The specialist team of highly-trained paramedics deployed to major incidents and serious emergencies in the East Midlands is marking its 10th anniversary.
The Hazardous Area Response Team (HART) is a group of specially-recruited paramedics who provide an ambulance response to incidents involving chemical, biological, radiological or nuclear (CBRN) or other hazardous materials.
The team also attend incidents such as train crashes, large-scale motorway accidents, building collapses, caving incidents or significant fires.
Hazardous Area Response Teams were set up in ambulance services across the UK following a government decision in 2007, and EMAS was one of the first in the country to go live with a fully functioning team in April 2009.
Over the last 10 years, EMAS HART have been deployed to more than 10,000 emergencies including large scale fires, prison disorder, the Hinckley Road explosion, Woodhall Spa mustard gas discovery, and the Leicester City helicopter crash.
They have also provided mutual aid to colleagues in other HART teams, most recently for the Manchester Arena bombings and the Salisbury chemical attacks.
Sid Murphy, HART and Special Operations Manager, said: “HART teams were first set up to meet the changing needs of the country, predominantly responding to major incidents. Their job is to triage and treat casualties, to save lives in very difficult circumstances, and look after other emergency personnel who may become injured whilst attending such incidents.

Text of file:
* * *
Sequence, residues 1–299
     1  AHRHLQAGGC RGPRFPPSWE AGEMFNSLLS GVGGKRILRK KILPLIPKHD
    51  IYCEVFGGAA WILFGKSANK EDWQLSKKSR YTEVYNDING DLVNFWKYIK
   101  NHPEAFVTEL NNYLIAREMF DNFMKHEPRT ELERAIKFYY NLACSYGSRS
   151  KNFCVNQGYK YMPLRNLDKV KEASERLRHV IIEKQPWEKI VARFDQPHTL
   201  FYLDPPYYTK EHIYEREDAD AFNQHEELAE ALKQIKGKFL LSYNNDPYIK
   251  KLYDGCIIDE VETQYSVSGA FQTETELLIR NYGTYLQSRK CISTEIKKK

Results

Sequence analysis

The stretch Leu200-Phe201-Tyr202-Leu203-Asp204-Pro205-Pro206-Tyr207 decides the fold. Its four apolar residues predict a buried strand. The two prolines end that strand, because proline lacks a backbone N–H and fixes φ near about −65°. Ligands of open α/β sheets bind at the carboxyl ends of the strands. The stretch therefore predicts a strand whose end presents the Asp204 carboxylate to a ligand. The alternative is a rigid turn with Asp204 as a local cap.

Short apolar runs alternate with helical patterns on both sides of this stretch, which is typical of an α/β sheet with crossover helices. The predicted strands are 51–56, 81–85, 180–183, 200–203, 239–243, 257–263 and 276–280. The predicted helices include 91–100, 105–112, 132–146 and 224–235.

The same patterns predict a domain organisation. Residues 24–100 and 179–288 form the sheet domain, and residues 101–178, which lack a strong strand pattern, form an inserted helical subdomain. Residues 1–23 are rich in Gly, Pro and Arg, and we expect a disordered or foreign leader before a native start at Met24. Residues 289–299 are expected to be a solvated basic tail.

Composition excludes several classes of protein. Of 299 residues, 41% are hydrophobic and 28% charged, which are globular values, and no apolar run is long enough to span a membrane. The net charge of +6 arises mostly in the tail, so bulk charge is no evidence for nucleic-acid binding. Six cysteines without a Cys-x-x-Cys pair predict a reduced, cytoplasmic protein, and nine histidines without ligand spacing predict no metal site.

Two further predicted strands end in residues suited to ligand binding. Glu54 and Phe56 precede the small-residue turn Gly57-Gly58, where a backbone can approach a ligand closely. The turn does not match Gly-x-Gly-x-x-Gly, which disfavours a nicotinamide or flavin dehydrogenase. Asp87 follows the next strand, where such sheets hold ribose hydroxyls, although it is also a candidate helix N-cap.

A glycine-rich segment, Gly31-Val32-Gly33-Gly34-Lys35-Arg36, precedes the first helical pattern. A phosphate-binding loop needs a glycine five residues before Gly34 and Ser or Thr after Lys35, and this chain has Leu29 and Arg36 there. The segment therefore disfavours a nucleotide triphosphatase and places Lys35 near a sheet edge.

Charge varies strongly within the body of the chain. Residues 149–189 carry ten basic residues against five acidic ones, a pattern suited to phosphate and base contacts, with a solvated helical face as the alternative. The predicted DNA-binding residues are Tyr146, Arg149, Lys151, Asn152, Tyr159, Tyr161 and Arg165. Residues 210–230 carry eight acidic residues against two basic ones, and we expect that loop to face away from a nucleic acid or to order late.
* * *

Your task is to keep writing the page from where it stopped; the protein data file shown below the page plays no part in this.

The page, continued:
“However, the training and the kit required for major incidents can be used for other emergency calls, so our HART team often provide clinical support for our colleagues in the fire and rescue service, the police force, the military, as well as helping EMAS colleagues at larger scale emergencies.
“Like any new initiative, it took a while for people to understand what HART is all about, but we are now very much involved in the planning process for big events.
“I look forward to seeing how HART will continue to change and develop in the coming decade to meet the needs of our patients.”
Other changes that have taken place over the last decade include HART’s water response, which was very basic before the Cumbria floods, and now all HART paramedics are trained in Swift Water rescue to a high standard.
HART teams also have firearms training in response to marauding terrorist attacks in recent years.
HART paramedics all receive a minimum of six weeks advanced training to give them the additional skills for the types of situations and patients they may be called to.
For example, under authorisation from a doctor, they can use certain surgical skills such as surgical airway incision / tracheotomy to secure an airway and making an incision to drain air or fluid where patients have a chest injury during a prolonged entrapment.
They are also PHTLS (pre-hospital trauma life support) trained so that they can provide enhanced care.